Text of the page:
Parents are role models in everything they do and in everything they say, so by managing their own screen time, parents are teaching their kids by example about when and where technology use is appropriate.”

A spokesperson for the chain noted restaurant staff would not force patrons to surrender their cellphones but, rather, they would simply encourage customers to participate in the ban.

“We looked at various ways we could encourage people to engage more at the dinner table, and we've found giving families the chance to part with their devices for a mere couple of hours is a great way to bring them closer and embrace family time,” said a Frankie & Benny’s spokesperson. 18

Eating Together as a Family Helps Kids Thrive Physically and Socially

A study published in early 2018 by researchers from the University of Montreal, Canada, suggests children who routinely eat meals together with their family during early childhood are more likely to experience long-term physical and social health benefits. 19 The research focused on a cohort of 1,492 children born between 1997 and 1998.

As part of the Quebec Longitudinal Study of Child Development, the group had been followed by researchers since they were 5 months old. About the study, Linda Pagani, Ph.D., professor in the University of Montreal’s psychoeducation department, said: 20

"We decided to look at the long-term influence of sharing meals as an early-childhood family environment experience in a sample of children born the same year, and we followed up regularly as they grew up.

Using a birth cohort, this study examines the prospective associations between the environmental quality of the family meal experience at age 6 and child well-being at age 10."

When the children were 6 years old, their parents began reporting on whether or not they shared family meals. When the children were 10, parents, teachers and the kids themselves provided information on the children's academic achievement , lifestyle habits and social well-being.

According to the results, a favorable family meal environment at age 6 predicted the following outcomes for the children at age 10:

  • Higher levels of general fitness
  • Lower levels of nonaggressive delinquency, oppositional behavior, physical aggression, reactive aggression and soft drink consumption

With respect to those outcomes, Pagani commented: 21

"The presence of parents during mealtimes likely provides young children with firsthand social interaction, discussions of social issues and day-to-day concerns, and vicarious learning of prosocial interactions in a familiar and emotionally secure setting.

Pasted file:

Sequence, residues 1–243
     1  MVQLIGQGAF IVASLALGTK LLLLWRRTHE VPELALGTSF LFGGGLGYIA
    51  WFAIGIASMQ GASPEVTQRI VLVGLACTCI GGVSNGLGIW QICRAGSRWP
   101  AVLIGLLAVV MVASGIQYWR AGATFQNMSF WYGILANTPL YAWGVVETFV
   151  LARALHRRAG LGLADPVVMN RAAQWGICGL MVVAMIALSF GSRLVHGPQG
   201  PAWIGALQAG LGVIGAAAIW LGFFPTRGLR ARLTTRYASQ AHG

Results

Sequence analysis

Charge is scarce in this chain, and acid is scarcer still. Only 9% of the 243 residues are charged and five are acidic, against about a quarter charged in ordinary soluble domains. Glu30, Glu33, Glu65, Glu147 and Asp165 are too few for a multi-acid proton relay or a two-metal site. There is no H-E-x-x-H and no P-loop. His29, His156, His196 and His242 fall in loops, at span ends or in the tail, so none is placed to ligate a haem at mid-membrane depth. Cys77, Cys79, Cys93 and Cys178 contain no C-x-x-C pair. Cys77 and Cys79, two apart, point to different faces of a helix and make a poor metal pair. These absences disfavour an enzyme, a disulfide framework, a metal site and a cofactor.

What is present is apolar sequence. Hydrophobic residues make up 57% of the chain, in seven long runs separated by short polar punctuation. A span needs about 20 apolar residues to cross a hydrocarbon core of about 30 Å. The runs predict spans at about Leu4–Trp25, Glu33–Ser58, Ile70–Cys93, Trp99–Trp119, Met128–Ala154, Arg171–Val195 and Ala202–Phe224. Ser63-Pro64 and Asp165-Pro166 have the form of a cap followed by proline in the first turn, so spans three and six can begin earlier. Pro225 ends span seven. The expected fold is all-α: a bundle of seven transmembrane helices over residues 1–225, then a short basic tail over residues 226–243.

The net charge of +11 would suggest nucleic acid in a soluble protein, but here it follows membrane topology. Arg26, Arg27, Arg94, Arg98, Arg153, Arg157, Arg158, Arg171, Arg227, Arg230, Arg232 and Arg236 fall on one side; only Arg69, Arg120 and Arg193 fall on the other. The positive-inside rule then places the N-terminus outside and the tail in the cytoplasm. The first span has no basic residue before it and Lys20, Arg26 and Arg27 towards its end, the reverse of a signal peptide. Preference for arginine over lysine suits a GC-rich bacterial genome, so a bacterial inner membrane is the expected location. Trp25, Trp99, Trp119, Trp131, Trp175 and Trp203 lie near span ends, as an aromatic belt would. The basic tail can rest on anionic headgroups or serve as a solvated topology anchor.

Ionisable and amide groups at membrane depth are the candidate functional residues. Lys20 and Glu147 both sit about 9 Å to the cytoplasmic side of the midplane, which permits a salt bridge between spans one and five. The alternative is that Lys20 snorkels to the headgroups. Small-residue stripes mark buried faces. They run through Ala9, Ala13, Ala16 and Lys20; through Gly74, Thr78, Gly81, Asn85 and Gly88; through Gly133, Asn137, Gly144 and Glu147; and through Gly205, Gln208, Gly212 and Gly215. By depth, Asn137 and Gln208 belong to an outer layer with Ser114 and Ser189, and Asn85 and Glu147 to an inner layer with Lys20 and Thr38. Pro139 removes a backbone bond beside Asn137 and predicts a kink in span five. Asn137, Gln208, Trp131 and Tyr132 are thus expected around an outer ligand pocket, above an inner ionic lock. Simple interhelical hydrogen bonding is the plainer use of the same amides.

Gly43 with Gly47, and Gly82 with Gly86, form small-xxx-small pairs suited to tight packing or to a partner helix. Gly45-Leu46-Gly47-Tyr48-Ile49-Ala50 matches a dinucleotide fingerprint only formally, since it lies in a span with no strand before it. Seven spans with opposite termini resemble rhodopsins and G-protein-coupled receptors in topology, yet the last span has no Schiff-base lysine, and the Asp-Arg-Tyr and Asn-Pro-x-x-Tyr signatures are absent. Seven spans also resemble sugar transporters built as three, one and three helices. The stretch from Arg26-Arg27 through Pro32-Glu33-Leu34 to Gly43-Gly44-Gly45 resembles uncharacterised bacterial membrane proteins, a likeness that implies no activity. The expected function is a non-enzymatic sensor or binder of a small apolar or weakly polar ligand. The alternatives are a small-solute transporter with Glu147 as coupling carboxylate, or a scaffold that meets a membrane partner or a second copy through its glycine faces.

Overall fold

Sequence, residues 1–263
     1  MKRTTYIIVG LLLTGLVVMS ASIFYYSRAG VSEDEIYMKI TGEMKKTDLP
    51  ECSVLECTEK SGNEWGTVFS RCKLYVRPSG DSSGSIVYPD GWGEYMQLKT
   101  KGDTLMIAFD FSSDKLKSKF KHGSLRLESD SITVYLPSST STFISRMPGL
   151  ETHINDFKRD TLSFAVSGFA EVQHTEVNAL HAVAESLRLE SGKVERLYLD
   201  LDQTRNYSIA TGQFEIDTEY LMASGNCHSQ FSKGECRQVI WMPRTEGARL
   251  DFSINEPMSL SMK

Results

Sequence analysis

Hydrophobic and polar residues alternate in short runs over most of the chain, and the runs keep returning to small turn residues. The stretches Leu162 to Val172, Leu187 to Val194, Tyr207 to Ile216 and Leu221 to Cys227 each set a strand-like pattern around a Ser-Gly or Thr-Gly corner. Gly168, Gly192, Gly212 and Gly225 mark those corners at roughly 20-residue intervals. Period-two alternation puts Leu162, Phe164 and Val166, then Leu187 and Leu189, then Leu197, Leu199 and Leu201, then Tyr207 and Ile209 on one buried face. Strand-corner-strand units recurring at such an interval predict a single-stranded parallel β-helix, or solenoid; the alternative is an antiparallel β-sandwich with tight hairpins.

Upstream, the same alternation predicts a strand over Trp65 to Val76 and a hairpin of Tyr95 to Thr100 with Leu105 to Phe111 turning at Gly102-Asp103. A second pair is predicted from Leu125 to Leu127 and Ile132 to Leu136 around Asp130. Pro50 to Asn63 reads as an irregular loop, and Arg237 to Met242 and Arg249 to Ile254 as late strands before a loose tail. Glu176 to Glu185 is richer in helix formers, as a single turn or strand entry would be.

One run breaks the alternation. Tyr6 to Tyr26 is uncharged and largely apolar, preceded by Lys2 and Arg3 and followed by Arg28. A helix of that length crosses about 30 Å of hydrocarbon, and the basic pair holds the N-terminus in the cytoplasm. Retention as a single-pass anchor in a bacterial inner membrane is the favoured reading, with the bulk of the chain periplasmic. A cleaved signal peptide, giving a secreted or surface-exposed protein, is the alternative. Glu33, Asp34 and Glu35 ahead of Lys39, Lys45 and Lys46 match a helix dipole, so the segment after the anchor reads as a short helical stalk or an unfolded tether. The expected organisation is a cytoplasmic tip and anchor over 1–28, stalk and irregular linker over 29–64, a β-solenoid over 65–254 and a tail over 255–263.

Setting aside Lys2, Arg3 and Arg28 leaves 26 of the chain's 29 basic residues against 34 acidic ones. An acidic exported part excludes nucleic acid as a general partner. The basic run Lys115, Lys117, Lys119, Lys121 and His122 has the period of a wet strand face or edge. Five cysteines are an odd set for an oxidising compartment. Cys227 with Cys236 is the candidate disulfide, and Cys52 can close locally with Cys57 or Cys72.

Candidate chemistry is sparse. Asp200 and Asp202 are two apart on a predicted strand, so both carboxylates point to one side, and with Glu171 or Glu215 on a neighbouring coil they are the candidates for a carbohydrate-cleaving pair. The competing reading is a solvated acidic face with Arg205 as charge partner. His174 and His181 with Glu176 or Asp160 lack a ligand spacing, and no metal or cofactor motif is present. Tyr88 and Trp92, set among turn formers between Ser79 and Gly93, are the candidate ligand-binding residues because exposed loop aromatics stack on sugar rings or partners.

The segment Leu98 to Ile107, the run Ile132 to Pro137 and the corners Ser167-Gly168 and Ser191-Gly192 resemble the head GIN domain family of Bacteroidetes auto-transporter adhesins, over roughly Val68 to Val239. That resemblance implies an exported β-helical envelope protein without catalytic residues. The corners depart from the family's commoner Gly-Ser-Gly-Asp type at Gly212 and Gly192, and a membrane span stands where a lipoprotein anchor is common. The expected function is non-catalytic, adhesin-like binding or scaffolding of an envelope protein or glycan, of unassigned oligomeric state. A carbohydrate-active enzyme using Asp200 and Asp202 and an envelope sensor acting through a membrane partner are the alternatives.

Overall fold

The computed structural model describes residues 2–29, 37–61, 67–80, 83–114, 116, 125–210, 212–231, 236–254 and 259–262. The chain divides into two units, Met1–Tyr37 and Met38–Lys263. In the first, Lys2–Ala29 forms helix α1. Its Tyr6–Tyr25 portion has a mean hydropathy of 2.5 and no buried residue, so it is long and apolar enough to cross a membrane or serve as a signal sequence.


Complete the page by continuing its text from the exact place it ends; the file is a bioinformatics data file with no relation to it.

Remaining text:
Experiencing positive forms of communication may likely help the child engage in better communication skills with people outside the family unit.”

About the positive impact of family meals, authors of a 2011 study published in the journal Pediatrics found children and adolescents who share family meals three or more times per week are: 22

  • More likely to be in a normal weight range
  • More likely to have healthier dietary and eating patterns
  • Less likely to engage in disordered eating

How to Safeguard Your Health in the Face of Cellphone Overuse

It’s no secret the popularity of cellphones continues to rise, making it the most rapidly accepted consumer technology in recent history. 23

While there is real value and convenience associated with devices that enable you to communicate anytime, anywhere, the constant use of cellphones may be endangering your health. About Americans’ tendency to become hooked on their cellphones, The New York Times observes: 24

"The near-universal access to digital technology, starting at ever younger ages, is transforming modern society in ways that can have negative effects on physical and mental health, neurological development and personal relationships, not to mention safety on our roads and sidewalks."

Easy access to technology has led people to take their cellphones everywhere without a second thought, including the kitchen, doctor's office, dinner table and even the bathroom. Most notably, the constant use of cellphones increases your potential health risks associated with electromagnetic field (EMF) radiation.

To learn more about the negative effects of EMFs, I recommend you read “ The Harmful Effects of Electromagnetic Fields Explained .” For now, I would like to share a few suggestions on how you can keep yourself safe when using your cellphone:

Exercise caution when carrying and using your cellphone — Due to the reality your cellphone is always emitting a signal when it is on, I recommend you avoid carrying it in your pants pocket or bra.

Also, to ensure more restful sleep, keep your cellphone and other electronic devices out of your bedroom while you are sleeping.

Keep your phone clean — Wiping down your phone on a regular basis using a solution of 60 percent water and 40 percent rubbing alcohol sprayed on a soft cloth is one tactic you can use to eliminate surface germs on your cellphone . 25

Given the ease with which health-damaging bacteria can transfer to your phone, I also advise you do not take your phone into the bathroom. 26

Limit cellphone use to areas with excellent reception — When reception is weak, your device has to emit more power, and therefore more cellphone radiation . As such, I suggest you use your cellphone only when you have a strong signal. If the signal is weak, postpone the conversation or keep it brief.

Maintain your cellphone away from your head — Ideally, I advise you to use your cellphone only for texting and short phone calls. If you do not have access to a landline for longer phone calls, I recommend you use the speakerphone or a headset that uses a combination of shielded wire and air-tubes.

When not in use, I recommend you switch your cellphone to airplane mode or maintain it at least 3 feet away from you.

While restaurant bans on cellphone use are certainly one potential way to foster more connection among family and friends in a technological age, I would like to underscore the importance of exercising self-control and common sense when using personal electronics.

If your intention is to spend time over a meal with people you care about, I encourage you to put away your devices and focus on the food and fellowship. Without digital distractions, you will be free to look into the eyes and hear from the hearts of those seated around the table.

You’ll also appreciate the atmosphere and food to a greater measure when you are looking out onto the scene around you instead of down at a screen. I can say without hesitation, the sense of connection you’ll experience relating to other human beings far exceeds anything you’ll see on a screen.